In this issue of Iron Fist we celebrate the legacies and careers of two bands responsible for the progression of extreme music as we know it; CELTIC FROST and MAYHEM. Both celebrate 30 years of existence this year and both are still dabbling in the dark arts; Tom G Warrior with TRIPTYKON and Mayhem with their new album ‘Esoteric Warfare’.
In our cover story, Thomas Gabriel Fischer talks to Jim Martin about what drove him to create Hellhammer and the early Frost demos and how those same inspirations are channelled into his current work, while Kim Kelly talks to Necrobutcher and Attila Csihar about the formation, and dogged survival, of one of the most important bands still playing and creating heavy metal music today.
Talking of dogged survival, we also talk to maidens of metal, DORO and Ann Boleyn of HELLION about how they started their respective bands, Warlock and Hellion, and how nothing will get in their way as they continue to make music three decades after they begun. Elsewhere in the magazine we talk to AT THE GATES about their forthcoming album and reveal details of new works by 40 WATT SUN, GEHENNAH, Gaz Jennings (ex-Cathedral) and Phil Swanson (ex-Hour … Read More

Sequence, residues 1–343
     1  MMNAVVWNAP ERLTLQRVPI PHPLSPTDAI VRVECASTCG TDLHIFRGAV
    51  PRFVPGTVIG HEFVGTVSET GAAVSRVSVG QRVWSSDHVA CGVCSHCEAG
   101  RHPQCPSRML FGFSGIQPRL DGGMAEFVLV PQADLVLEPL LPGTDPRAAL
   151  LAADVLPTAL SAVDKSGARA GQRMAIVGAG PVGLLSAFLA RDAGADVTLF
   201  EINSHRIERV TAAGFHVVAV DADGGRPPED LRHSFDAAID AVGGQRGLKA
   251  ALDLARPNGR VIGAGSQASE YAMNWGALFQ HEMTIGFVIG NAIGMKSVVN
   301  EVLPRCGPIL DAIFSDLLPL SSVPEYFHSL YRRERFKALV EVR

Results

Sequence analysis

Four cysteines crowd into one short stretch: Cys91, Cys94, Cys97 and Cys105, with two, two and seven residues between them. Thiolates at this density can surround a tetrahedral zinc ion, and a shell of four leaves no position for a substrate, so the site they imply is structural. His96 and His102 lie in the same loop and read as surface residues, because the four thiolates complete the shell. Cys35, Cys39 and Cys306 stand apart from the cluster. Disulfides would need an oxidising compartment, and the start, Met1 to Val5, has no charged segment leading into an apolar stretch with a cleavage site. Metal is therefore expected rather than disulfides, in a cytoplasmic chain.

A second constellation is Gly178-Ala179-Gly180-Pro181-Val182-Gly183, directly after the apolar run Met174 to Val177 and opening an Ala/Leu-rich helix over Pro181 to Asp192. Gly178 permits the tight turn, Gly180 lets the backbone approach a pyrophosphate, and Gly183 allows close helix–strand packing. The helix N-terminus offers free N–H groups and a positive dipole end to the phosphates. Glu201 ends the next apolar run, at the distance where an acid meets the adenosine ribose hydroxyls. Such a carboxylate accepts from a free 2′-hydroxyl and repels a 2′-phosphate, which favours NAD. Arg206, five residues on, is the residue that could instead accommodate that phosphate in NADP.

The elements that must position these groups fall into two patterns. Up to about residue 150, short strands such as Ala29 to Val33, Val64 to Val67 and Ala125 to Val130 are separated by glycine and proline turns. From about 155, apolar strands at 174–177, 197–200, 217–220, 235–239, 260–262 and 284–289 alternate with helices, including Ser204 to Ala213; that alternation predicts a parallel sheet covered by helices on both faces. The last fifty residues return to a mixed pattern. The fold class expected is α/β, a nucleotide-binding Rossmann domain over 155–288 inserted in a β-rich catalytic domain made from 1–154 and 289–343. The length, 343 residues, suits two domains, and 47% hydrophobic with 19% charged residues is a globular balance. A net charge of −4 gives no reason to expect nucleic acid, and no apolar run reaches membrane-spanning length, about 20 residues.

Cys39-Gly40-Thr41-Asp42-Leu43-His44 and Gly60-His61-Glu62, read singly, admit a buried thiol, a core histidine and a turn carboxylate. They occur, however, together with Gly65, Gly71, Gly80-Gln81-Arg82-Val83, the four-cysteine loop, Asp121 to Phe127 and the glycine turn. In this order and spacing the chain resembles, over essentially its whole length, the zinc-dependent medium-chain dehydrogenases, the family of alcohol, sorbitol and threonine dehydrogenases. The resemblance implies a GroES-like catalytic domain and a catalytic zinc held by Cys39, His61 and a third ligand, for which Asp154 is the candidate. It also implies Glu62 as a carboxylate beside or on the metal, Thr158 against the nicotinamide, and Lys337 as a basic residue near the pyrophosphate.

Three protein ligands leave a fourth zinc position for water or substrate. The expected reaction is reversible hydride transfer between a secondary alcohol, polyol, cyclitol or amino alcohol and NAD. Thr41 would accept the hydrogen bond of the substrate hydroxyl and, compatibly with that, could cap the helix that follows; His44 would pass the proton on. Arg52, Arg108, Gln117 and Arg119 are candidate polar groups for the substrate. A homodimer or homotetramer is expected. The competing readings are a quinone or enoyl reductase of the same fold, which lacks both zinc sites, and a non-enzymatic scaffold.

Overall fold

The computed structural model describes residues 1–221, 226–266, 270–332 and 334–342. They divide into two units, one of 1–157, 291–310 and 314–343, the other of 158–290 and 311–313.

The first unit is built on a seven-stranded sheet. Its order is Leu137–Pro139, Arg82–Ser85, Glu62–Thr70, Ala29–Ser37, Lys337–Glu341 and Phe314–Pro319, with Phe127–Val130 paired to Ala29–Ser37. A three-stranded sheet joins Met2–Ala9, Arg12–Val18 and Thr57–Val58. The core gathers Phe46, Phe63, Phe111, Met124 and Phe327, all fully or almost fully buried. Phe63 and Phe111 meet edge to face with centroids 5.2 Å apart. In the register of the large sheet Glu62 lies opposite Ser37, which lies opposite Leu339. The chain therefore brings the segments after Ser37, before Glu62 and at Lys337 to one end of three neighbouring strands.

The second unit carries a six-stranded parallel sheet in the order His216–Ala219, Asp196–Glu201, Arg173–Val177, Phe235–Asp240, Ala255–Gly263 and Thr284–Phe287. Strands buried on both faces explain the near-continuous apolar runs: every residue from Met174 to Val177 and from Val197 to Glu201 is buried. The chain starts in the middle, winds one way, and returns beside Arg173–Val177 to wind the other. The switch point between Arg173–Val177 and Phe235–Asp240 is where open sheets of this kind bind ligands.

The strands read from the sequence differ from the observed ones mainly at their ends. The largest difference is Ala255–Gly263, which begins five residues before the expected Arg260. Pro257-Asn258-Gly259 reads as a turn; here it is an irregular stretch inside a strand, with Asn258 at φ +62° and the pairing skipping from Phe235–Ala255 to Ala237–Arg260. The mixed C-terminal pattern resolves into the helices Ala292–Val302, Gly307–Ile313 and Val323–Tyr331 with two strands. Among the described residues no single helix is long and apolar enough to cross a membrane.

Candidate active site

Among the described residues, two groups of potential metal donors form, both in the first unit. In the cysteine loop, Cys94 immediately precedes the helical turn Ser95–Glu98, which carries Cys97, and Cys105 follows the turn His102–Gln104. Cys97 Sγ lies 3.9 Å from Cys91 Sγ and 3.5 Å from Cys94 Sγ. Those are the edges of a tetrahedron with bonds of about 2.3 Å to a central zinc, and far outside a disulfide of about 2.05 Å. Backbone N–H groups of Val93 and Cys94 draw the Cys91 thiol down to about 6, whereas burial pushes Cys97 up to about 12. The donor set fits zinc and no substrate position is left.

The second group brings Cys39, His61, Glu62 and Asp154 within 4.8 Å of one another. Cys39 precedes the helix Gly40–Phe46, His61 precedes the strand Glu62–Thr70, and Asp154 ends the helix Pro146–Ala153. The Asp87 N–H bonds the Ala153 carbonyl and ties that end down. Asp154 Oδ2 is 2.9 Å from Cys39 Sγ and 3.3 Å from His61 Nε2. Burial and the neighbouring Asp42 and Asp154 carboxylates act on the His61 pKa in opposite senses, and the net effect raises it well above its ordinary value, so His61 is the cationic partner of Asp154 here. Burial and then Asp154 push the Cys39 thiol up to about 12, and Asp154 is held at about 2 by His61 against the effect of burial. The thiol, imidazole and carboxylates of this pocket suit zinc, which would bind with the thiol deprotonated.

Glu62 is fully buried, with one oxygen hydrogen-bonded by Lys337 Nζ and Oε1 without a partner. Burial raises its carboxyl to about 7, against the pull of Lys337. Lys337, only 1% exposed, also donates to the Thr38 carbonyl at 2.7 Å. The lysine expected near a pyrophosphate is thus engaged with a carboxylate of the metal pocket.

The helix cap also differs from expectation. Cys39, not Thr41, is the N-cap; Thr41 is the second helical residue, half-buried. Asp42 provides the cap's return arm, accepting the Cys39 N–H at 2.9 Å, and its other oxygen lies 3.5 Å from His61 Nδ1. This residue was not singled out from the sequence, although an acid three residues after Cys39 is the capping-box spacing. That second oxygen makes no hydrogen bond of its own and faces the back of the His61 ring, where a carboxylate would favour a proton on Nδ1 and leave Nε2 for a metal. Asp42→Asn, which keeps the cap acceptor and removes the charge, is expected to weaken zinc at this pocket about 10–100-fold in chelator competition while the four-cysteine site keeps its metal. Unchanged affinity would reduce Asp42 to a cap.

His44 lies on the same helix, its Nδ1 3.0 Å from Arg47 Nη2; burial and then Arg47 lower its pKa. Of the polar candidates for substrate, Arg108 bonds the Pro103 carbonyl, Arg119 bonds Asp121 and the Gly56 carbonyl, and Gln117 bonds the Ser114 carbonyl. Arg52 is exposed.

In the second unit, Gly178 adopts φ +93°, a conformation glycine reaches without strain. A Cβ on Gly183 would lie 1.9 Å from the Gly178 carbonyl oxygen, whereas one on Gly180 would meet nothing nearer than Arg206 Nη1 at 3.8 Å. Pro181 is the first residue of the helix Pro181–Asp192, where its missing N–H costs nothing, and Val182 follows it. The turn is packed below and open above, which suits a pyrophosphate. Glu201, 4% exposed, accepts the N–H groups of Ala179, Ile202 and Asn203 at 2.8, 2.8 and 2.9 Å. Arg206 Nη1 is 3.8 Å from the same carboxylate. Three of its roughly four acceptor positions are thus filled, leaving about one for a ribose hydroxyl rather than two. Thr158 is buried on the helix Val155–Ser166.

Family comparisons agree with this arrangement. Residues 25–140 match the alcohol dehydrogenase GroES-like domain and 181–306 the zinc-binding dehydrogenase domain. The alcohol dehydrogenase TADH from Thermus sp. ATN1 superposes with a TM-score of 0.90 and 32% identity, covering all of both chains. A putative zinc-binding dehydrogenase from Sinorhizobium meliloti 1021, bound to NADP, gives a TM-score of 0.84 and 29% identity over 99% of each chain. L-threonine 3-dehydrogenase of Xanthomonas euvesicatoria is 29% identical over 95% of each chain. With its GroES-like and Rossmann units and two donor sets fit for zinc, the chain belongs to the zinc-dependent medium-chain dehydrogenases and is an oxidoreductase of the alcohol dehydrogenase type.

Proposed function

Without something of a misty-eyed perspective on metal in the ’80s, it’s quite possible this publication you hold in your hands wouldn’t exist. Yet even amidst the blizzard of tassles, battle-jackets and Nike hi-tops that oft constitutes a vision of the decade, it’s quite possible to lose sight of the original spirit – the true, bloody-minded essence of steel that battled against adversity throughout that often tricky era. At a time in which Bryan Adams’ ‘Reckless’ was voted Kerrang!’s album of the year, in which Bon Jovi headlined Donington, and in which Candlemass were dropped by Black Dragon Records due to lack of sales, the racket we now cherish often was forced to maintain its strident and overblown demeanour in the face of indifference and hostility. The indomitable elixir that led it to survive is a thing of vainglory, a thing of Cecil B. De Mille-esque grandeur (often on a tight budget) and frequently a thing of sheer foolhardy hubris. Moreover, true rivetheads wouldn’t have it any other way.
One suspects that Below, Nykoping, Sweden’s relatively fresh-faced troupe, understand all this only too well. Arriving in the wake of an EP that gained them considerable plaudits for their refreshingly epic take … Read More
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